Hijack, what hijack?
THEY say ignorance is bliss. I cannot help thinking that - had I been on the hijacked jetfoil 'Guia' on Tuesday - I would have been in a state of total ignorance, but certainly not bliss. That is not a state you achieve on a jetfoil. My rather limited expectations of jetfoil travel explain my attitude.
Not understanding Cantonese very well, I would have missed out on crucial little words like 'bomb' and 'kill'. As a result, I would have sat through the hijack quite unable to differentiate it from an ordinary run.
I would have followed my normal custom of browsing through the newspaper, dozing off and waking up in irritation at the fact that we still weren't there yet.
I think my only intimation that all had not gone as normal would have been when we arrived back at Macau - where we started.
Even then I could have recalled the time last week when I turned a taxi round and went back to where I had come from because of total traffic constipation on Gloucester Road. Perhaps the jetfoil captain could have come to the same decision over the marine congestion in what is left of Hong Kong's harbour.
I would have been amazingly unhelpful to the Organised Crime and Triad Bureau officers waiting keenly to interview me.
After all, what would there have been about the hijack goings-on to alert a dumb foreigner? You have to understand that once a six foot, 250 lb gweilo has squeezed himself into a jetfoil seat and inserted his knees neatly up his nostrils, there is already a strong sense of captivity. It would never occur to him that this would need to be further enforced from the aisle.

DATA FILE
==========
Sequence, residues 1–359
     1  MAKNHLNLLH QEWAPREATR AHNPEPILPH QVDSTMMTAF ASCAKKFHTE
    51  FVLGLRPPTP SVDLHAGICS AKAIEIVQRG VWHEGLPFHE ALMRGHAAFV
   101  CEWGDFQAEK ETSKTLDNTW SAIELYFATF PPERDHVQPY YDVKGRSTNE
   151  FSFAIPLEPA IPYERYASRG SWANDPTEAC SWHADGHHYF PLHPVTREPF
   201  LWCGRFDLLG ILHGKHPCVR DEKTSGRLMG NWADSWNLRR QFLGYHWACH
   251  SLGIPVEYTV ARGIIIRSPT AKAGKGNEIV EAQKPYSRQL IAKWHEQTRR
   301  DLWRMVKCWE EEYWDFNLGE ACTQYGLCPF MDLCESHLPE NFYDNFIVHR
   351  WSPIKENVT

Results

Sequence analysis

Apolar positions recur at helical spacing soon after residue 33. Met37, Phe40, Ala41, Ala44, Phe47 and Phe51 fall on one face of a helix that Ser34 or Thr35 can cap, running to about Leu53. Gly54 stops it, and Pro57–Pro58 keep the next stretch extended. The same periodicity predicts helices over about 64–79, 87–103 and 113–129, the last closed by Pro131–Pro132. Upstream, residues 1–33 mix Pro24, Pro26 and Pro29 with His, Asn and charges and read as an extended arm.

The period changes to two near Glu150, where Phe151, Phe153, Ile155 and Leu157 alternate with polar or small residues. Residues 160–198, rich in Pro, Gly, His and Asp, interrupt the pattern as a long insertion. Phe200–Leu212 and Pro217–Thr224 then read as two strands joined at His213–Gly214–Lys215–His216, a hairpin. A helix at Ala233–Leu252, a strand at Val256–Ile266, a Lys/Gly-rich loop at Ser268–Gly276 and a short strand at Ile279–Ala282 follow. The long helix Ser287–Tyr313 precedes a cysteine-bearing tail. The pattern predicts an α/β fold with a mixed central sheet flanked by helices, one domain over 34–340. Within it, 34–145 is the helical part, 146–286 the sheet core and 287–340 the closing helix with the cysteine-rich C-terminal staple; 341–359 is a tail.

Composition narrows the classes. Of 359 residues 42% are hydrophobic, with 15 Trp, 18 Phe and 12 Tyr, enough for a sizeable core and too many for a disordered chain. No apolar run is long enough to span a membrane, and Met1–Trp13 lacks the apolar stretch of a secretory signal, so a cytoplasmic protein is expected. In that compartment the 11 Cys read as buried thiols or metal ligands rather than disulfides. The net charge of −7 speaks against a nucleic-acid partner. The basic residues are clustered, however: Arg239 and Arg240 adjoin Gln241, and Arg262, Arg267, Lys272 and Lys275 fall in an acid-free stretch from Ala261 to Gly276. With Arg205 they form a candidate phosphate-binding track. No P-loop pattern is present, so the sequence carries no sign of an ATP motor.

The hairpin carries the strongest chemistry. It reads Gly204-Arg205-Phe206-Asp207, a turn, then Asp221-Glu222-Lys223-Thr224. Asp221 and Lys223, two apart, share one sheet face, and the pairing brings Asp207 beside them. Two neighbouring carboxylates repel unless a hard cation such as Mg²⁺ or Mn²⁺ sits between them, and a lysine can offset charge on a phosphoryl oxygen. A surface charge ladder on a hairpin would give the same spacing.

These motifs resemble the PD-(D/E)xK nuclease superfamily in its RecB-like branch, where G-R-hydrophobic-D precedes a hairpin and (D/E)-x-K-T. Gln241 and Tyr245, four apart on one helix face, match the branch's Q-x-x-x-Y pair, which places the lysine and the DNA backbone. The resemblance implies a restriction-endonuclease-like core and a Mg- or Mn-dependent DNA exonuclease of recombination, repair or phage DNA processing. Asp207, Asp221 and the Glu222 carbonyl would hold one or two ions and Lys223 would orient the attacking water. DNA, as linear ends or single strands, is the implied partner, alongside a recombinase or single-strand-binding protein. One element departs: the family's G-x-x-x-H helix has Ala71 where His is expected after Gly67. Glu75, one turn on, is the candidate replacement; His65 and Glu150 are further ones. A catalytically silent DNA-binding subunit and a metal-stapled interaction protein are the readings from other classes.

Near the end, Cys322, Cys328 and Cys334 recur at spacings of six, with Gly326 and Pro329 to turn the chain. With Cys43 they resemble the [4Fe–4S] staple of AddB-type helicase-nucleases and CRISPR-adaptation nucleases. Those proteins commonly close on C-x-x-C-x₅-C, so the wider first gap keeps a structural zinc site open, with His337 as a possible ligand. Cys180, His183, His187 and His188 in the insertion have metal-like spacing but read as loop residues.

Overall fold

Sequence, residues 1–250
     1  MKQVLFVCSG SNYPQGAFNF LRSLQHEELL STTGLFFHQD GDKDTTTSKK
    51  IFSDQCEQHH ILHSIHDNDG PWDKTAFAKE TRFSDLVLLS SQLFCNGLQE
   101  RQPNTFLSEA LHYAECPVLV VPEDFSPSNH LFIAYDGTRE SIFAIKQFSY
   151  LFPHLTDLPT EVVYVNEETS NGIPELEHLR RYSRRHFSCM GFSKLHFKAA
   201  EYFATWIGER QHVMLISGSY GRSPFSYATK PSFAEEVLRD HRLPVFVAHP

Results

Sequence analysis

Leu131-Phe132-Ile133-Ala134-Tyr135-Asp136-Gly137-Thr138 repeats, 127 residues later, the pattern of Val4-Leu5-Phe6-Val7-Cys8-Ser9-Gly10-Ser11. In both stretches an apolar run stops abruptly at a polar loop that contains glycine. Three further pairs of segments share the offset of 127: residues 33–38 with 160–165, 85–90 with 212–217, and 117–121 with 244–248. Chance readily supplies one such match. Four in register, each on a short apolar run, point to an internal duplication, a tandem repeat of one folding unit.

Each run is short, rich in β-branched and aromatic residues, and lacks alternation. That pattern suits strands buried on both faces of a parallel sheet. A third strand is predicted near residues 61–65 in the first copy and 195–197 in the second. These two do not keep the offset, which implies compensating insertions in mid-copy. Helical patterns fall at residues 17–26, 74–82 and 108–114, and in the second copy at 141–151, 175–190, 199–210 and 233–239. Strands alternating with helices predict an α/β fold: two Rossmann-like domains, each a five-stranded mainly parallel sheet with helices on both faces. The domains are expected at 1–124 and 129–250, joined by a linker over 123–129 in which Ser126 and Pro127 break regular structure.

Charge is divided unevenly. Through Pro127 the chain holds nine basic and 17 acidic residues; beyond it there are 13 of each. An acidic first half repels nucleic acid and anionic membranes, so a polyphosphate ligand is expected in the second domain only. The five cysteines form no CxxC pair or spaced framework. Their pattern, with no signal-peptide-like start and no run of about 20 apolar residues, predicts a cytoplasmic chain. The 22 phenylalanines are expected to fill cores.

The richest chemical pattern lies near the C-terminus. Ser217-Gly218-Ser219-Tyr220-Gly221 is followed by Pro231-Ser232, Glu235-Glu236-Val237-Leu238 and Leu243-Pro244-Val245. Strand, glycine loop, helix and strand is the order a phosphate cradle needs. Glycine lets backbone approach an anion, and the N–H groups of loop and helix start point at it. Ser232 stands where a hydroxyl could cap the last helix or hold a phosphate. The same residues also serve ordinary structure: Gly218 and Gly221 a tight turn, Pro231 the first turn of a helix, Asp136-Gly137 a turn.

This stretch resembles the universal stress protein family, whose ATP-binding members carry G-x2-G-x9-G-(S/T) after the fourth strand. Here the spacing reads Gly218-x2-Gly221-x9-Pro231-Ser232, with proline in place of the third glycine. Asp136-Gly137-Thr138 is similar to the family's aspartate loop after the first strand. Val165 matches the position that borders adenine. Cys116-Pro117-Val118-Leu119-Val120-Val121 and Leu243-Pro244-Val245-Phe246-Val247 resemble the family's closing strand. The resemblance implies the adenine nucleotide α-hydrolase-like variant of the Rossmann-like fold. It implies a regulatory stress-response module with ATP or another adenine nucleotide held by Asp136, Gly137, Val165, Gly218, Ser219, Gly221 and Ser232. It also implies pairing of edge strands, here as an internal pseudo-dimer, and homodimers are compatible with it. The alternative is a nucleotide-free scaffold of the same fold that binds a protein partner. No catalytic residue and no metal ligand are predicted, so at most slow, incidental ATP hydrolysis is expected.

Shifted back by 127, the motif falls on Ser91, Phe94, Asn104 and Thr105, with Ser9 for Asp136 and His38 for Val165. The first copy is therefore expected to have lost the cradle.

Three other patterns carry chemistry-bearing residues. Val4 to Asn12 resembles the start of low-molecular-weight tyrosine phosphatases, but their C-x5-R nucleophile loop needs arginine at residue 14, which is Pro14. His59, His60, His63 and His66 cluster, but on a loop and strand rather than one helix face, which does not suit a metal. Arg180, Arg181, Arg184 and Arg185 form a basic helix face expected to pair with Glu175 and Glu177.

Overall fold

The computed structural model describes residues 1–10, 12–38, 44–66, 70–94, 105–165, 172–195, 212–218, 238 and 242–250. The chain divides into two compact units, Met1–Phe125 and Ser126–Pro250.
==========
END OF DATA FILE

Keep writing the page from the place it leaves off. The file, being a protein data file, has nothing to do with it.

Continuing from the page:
I am told two slimmer men suddenly jumped from their seats and started shouting at people. So what? On jetfoils people are always jumping up and shouting at people. It is a local form of on-board socialising.
The last time I was on a jetfoil a man jumped up and hollered at the row behind him. A Chinese companion told me he was telling his mates he had just lost $175,000 at the casino. A good enough reason to shout, I'd have thought.
I am told one robber walked down the aisle with a gun. Had I noticed it, it would have sparked no curiosity in my mind. This could have been an interesting refinement to the 'threat school' of hard-sell which the cabin staff use when pushing the refreshment trolley. Invariably one of them looks not-so-much like a jolly Jack Tar, but a retired bouncer.
'You eat sawdust cookie or sugary thing in plastic bag. Drink eh? No gasi bak. Only San lik.' What is a man with a gun compared to the promise of that? At one point everybody did put their hands on their heads. I might have thought that was an indication that someone had got lucky scraping one of those lottery tickets you can buy before you enter the moral purity of Hong Kong waters. Mind you, given the cautiousness of gambling operators, it would have been unlikely that everybody had won. Perhaps this was a communal class in sedentary tai-chi being led in Portuguese over the tannoy.
I would have joined in for a little while for fear of looking snooty and aloof and, purely by accident, would have avoided having my brains blown out.
It is unlikely I would have understood the gunshots. I would have put them down to an irate passenger banging a Lucozade bottle with a tight cap against the bulkhead.
Or it could have been a desperate passenger banging on the lavatory door. That old woman who spends the entire journey inside the lavatory would have been the only one, apart from me, to miss the drama.